Toward a Philosophy and Ethics of Persuasive Technology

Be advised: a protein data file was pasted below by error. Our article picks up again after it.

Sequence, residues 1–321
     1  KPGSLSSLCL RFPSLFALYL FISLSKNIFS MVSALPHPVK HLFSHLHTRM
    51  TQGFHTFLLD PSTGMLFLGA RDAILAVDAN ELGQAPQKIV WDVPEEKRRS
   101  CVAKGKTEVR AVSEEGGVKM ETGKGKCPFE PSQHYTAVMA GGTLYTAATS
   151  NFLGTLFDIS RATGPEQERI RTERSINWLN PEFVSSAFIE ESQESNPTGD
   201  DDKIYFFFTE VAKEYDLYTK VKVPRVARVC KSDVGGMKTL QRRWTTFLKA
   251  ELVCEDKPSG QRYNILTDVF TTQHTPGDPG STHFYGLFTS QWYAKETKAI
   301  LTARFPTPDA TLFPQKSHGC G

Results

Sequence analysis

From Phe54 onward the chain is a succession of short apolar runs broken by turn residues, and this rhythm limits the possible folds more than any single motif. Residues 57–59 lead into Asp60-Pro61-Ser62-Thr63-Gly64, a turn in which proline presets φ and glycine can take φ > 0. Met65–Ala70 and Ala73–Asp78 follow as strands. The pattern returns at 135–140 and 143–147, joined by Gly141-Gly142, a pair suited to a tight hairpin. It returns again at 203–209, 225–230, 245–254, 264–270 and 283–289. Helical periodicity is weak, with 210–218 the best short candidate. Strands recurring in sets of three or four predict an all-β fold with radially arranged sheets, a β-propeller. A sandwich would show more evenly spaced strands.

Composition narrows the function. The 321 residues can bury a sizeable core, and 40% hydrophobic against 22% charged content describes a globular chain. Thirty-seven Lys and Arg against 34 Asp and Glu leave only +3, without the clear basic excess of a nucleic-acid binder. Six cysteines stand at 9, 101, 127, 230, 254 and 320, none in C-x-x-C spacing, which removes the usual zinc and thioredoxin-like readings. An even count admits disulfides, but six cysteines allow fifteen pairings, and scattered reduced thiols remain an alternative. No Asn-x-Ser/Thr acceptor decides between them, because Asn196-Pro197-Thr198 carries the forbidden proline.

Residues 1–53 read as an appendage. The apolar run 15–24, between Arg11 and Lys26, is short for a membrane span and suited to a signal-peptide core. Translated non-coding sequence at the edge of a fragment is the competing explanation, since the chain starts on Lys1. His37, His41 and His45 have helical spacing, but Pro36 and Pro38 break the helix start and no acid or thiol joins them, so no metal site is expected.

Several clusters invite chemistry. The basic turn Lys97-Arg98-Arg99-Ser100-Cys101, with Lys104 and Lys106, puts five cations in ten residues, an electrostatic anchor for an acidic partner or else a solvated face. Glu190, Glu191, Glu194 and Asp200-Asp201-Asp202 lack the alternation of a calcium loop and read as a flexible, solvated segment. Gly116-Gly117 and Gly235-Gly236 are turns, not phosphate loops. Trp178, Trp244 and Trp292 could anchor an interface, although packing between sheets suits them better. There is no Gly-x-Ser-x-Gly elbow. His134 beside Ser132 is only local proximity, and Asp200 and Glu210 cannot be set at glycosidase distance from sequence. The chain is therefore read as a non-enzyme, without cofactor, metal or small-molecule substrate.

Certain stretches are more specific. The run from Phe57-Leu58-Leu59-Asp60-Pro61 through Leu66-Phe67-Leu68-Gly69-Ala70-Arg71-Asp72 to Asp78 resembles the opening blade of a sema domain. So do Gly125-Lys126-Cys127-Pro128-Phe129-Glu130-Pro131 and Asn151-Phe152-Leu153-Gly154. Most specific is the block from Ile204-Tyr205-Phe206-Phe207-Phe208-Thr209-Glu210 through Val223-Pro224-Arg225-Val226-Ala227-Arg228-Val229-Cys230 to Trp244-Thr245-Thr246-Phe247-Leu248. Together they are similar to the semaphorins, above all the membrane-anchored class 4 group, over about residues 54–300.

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This thesis is about persuasive technology, which is technology that is intentionally designed to change people's attitudes, behavior, or both. In the first part, a conceptual analysis is given of 'persuasion', and 'persuasive technology' with the help of the psychological 'elaboration likelihood model' of persuasion. This ELM distinguishes two routes to persuasion: the central route and the peripheral rout. In this thesis, it is argued that persuasion is characterized by leaving open the possibility for the recipient to take the central route, although the actual route taken might also be the peripheral. It is shown that this way to define a core or underlying principle of persuasion enables to account for the broadness of the phenomenon of persuasion. In the second part, four initial attempts at developing a framework for an ethics of persuasive technology are discussed and slightly modified and extended into a new framework. In this framework, the distinction between methods of technological persuasion, target change, and final end served by that target change is crucial. Finally, the potential impact of persuasive technology on personal autonomy is investigated.